UPDATE: There’s a new version, with 25% less bugs! Use this instead.
As some of you may know, I wear an Incident Response hat within my organization. As I like to be proactive and actively search for issues rather then just be an IDS alert monkey, I love pages like the Malware Domain List, the ZeuS Tracker, and malwareurl.com. While these are great resources, it is a bit difficult attempting to take the lists and apply them to the environment; most of their usefulness comes from when you have a questionable URL and need to see if someone else has reported it as a bad site. A great service, but not proactive.
While staring at the ZeuS Tracker Domain Block list and trying my usual method of snipe hunting manually entering domains to query the firewalls, a moment of inspiration hit: I don’t care about all the domains, just the domains that people visit. Who knows what domains people visit? The DNS servers! Now it was just a question of trying to coax the information out of the DNS servers. Thankfully, PaulDotCom Security Weekly came to the rescue: They have been talking about getting information out of DNS servers during penetration tests and a simple non-recursive DNS lookup on the local DNS server can tell you if someone queried for the host recently. A couple of quick experiments to verify this fact on my work’s main DNS servers confirmed this fact, and I set to work.
My first attempt was a simple script to take a pre-chewed version of the ZeuS Domain list, feed it through dig and pipe the output through grep. It worked, but I wanted something a touch more automated. Over the next couple of nights on the train, I whipped up a tool to automate the process a little more. The resulting tool is the ZeuS DNS Scraper. It’s a simple script written in Perl and should work straight out of the box with the default modules included in a Perl distribution.
Running the Script
Running the tool is fairly simple, there are only 4 options: –server, specifying which server(s) to query, –file, specifying where to put the downloaded ZeuS Tracker block list (defaulting to /tmp/ztbl.txt) , –download/–nodownload which specifies whether or not the script should attempt to download the block list, and –debug, which specifies the verbosity of the script.
A typical command line would be:
perl zeusdnsscraper.pl --server 192.168.1.2 --server 192.168.1.3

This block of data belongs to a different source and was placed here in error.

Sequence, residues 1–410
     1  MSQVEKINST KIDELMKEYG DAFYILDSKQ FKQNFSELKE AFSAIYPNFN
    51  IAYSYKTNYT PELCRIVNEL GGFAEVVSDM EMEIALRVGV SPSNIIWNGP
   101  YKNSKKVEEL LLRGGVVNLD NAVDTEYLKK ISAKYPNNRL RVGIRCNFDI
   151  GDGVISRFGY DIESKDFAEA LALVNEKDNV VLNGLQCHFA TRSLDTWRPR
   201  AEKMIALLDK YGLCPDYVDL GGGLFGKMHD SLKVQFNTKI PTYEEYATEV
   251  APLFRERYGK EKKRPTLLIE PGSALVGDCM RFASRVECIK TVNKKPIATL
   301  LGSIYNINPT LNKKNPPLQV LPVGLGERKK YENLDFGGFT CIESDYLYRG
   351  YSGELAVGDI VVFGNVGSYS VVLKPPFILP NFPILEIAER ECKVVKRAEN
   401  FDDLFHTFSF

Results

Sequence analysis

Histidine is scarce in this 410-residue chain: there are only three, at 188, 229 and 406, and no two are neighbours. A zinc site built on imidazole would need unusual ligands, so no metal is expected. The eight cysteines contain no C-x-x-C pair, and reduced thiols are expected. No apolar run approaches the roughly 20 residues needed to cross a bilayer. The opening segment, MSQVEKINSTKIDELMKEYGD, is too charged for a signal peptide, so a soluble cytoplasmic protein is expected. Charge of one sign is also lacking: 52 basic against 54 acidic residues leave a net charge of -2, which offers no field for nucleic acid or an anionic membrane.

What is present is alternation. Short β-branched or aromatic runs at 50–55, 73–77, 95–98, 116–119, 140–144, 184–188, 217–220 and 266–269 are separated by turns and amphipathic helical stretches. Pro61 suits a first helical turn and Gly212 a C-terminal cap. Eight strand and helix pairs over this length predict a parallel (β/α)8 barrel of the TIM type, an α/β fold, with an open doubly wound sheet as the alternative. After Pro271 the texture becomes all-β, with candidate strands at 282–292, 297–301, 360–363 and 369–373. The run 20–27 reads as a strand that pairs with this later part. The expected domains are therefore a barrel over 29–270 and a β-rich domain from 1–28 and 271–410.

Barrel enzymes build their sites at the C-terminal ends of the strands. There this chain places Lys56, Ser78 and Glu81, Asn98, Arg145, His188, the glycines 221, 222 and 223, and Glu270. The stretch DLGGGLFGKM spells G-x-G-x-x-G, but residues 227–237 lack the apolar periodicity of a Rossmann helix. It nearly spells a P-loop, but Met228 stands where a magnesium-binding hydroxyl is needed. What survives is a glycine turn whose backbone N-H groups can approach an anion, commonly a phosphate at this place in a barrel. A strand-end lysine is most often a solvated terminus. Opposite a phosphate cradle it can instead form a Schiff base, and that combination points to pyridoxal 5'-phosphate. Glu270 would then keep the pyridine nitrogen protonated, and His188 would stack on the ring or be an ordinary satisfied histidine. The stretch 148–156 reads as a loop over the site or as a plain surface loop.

Which would download the block list, and then proceed to query 192.168.1.2 and 192.168.1.3 for each entry in the block list. You can specify as many as many servers as you like, however, the block list often hovers around a thousand entries, so each additional server adds another thousand or so queries.
Alternatively, once the list is downloaded, the script will download the block list only if the local copy is older then 60 minutes, (don’t worry it doesn’t update that frequently). You can also specify that the script doesn’t download the list again with the –nodownload option:
perl zeusdnsscraper.pl --server 192.168.1.2 --server 192.168.1.3 --nodownload
You can also turn on debugging with the debug option, which will display every step in the process:
perl zeusdnsscraper.pl --server 192.168.1.2 --server 192.168.1.3 --debug
When the script is run in default mode, a ‘.’ will appear after each query, while in debug mode it will display the result of the query and whether or not it found an entry.
What You Want To See
Completed! NNNN queries made, 0 entries found! Hooray!
In this example, NNNN would be the number of queries sent, remember this increases which each additional server you need to query, and it has found 0 entries, indicating that the DNS servers queried have no cached entries for any of the domains. Congratulations, pat yourself on the back and grab yourself a nice frosty beverage from the refrigerator.
What You Do Not Want To See
NNNN queries made, 4 entries found. Uh Oh. W.X.Y.Z has an entry in it's cache for www.example.net: 10.1.2.3 W.X.Y.Z has an entry in it's cache for www.example.net: 10.1.2.4 W.X.Y.Z has an entry in it's cache for www.example.com: 10.4.5.6 W.X.Y.Z has an entry in it's cache for www.example.org: 10.7.8.9
Well, crap. This time the beverage you need is probably kept in your attrition.org flask. NNNN is the number of queries the script made and the “4″ in this example is number of results found. In this example, “www.example.net” was cached with two separate addresses, while “www.example.com” and “www.example.org” both have one apiece. The W.X.Y.Z in the above example is the DNS server that responded, and the 10.X.X.X addresses are the IP addresses that the DNS server responded with. These IP addresses are what you are interested in.
My DNS Servers Have Cached Entries! Now What?
This is where some good old detective work comes in. The presence of the cached entries on your DNS server only means that one of the clients on your network asked for the entry in question. Normally, it’s time to start plugging IP addresses in your firewall logs to see who’s been visiting them. Then it’s time to start cleaning.
Now, obviously, this sends a boat load of queries in a very rapid fashion to DNS servers. Make sure that your DNS server and your connection can handle the load and don’t run it against DNS servers that you do not have permission to do so. Also, some of the DNS entries have small enough TTLs that they may expire quickly, meaning that even if the script comes back clean, there could still be infected hosts.
I’d just like to say a big thanks to the folks over at abuse.ch for hosting the ZeuS Tracker. It’s a handy tool and it’s invaluable if you’re running even a moderately sized network.